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Naturally, boarding (or even disembarking) the famous El Chepe train is the biggest draw of stopping in Los Mochis. Also known as the Ferrocarril Chihuahua Pacifíco, El Chepe runs from Los Mochis, Sinaloa on Tuesdays, Fridays and Sundays, passing through some beautiful landscapes in the vast Copper Canyon along the way, before terminating in Chihuahua City. If you only want to go to Creel, the Chepe Express departs daily. So, leaving Los Mochis is actually one of the best things to do there!
There is a handful of other attractions in Los Mochis that are of interest, so take the time to explore before boarding the train. The Jardín Botánico Benjamin Francis Johnston, for example, is situated in the former estate of the eponymous American sugar mill impresario. There you can admire an array of plants and butterflies, while the picnic potential here is high.
Sometimes referred to as the Memorial Hill in English, the Cerro de la Memoria offers panoramic views out over Los Mochis and is the best place in the city to watch the sun rise, or set. Atop this lookout point is a statue of the Virgen Reina del Valle del Fuerte, as well as a scenic pergola and a memorial to the founders of Los Mochis.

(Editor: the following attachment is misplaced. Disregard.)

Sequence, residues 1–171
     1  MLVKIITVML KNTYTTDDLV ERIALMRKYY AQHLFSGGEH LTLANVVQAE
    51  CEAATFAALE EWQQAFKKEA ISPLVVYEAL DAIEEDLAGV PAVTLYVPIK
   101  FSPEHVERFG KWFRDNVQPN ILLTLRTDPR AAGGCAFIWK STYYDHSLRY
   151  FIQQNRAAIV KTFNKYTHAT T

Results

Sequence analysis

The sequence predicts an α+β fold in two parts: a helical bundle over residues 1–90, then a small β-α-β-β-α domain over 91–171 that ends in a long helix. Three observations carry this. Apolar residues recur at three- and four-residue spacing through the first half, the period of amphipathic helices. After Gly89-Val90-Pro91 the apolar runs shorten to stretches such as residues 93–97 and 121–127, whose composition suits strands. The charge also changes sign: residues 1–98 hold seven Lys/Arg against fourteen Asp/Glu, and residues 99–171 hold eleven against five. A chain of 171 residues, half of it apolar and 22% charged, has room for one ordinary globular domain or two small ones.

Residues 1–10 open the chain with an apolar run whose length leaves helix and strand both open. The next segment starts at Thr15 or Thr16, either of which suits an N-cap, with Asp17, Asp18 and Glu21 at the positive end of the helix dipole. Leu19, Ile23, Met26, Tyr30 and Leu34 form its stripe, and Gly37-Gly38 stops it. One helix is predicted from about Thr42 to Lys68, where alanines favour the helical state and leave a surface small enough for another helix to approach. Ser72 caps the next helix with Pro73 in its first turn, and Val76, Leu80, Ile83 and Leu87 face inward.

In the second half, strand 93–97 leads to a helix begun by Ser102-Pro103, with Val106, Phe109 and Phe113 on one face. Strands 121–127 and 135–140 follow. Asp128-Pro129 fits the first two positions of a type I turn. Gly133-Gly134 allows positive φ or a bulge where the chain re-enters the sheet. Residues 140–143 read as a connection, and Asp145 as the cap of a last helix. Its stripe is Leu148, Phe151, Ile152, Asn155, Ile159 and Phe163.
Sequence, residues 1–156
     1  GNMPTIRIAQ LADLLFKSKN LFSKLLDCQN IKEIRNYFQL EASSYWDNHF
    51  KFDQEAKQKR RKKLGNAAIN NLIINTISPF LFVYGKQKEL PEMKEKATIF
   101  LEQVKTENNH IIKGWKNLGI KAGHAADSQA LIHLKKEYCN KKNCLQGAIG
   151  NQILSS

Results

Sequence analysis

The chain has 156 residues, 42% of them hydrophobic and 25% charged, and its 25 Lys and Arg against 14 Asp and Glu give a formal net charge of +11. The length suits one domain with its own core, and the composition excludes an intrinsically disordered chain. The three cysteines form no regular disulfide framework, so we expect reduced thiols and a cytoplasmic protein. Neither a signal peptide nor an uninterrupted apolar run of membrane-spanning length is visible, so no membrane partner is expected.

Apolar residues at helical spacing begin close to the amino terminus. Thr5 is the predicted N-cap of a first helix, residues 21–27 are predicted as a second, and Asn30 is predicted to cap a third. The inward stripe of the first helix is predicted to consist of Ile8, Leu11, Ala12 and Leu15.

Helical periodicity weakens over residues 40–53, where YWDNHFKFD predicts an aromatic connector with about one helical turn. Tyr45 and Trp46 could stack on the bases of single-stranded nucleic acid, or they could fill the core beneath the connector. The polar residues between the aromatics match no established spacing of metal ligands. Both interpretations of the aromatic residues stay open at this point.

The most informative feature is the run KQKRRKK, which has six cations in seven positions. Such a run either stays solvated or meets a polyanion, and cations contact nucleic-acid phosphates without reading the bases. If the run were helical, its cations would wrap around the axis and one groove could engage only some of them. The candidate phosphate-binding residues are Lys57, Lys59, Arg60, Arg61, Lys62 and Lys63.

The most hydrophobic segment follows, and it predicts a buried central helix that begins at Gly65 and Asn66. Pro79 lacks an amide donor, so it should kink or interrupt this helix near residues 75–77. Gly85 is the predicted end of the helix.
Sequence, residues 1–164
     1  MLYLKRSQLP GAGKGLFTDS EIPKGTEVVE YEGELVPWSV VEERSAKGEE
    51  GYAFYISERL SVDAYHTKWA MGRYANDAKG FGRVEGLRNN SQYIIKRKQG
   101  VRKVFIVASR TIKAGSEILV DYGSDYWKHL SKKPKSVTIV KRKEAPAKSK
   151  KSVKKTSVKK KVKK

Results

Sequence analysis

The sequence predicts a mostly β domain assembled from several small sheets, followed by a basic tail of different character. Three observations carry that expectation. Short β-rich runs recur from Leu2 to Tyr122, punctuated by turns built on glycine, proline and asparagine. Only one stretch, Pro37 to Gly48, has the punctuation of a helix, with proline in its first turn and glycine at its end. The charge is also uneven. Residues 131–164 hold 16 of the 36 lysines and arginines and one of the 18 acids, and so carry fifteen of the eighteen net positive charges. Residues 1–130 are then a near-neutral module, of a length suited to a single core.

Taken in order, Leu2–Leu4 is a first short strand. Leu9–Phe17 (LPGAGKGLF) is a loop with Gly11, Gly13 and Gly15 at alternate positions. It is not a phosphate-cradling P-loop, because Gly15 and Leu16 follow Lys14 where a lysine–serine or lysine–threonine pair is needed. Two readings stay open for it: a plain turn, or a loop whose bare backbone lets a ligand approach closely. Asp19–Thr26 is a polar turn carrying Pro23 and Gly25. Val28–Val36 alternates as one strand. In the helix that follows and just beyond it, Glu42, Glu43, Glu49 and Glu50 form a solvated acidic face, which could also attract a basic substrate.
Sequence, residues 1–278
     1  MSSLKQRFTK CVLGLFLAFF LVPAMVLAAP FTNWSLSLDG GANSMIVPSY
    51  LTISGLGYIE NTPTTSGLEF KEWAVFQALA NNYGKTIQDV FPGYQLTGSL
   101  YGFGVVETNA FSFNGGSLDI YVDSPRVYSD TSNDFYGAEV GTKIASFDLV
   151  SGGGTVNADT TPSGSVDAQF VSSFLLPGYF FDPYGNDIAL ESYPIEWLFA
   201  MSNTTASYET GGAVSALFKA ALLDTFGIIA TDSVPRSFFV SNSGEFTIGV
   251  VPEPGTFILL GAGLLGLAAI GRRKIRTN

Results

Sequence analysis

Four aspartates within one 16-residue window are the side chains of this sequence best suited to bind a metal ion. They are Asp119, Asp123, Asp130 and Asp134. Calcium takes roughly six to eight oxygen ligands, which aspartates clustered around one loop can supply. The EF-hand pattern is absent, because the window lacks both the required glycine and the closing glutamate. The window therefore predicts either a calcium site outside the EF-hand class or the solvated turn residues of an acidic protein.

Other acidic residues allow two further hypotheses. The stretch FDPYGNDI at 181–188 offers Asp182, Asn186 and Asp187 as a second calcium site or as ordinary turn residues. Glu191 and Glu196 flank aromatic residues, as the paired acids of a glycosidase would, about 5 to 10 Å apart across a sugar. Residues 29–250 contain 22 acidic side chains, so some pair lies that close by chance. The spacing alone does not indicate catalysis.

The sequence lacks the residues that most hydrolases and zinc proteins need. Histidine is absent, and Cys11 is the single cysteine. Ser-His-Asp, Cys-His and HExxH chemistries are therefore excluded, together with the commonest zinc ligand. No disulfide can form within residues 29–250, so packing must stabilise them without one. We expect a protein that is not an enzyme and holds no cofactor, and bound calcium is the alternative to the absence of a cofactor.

If you’re looking for another outdoor spot to take in the sights and sounds of Los Mochis, take a stroll through the Plazuela 27 de Septiembre, which is often peppered with locals sat on the benches which surround the central kiosk. Almost reminiscent of Mexico City’s Alameda Central, albeit on a much smaller scale, it’s a favourite among Los Mochis residents and the perfect place to relax and people-watch.
Technically speaking, the Isla del Farallón (Lighthouse Island) isn’t really in Los Mochis… because it’s out in the Sea of Cortez off the coast of Sinaloa state. However, it can be easily visited in a day from Los Mochis. Thanks to its geography, the Isla del Farallón is an ideal place to spot seals, sea lions and birds, so nature lovers will appreciate taking a detour here and staying until sunset.
Considered an emblem of the city, the relatively recent Casa del Centenario—built in 1945—was once home to Conrado Ochoa Beltrán and family. Nowadays it houses no families, but government offices and officials and has a small museum about the economic development of Los Mochis. Keep in mind, though, that at Casa del Centenario the signage is all in Spanish.
Finally, if you’d rather limit your stay to the city of Los Mochis itself, then make a quick pit-stop at the petite Museo Regional del Valle del Fuerte—ideal for history fans who want to learn a little something about Sinaloa. However, much like the aforementioned mini-museum, all the information is only available in Spanish.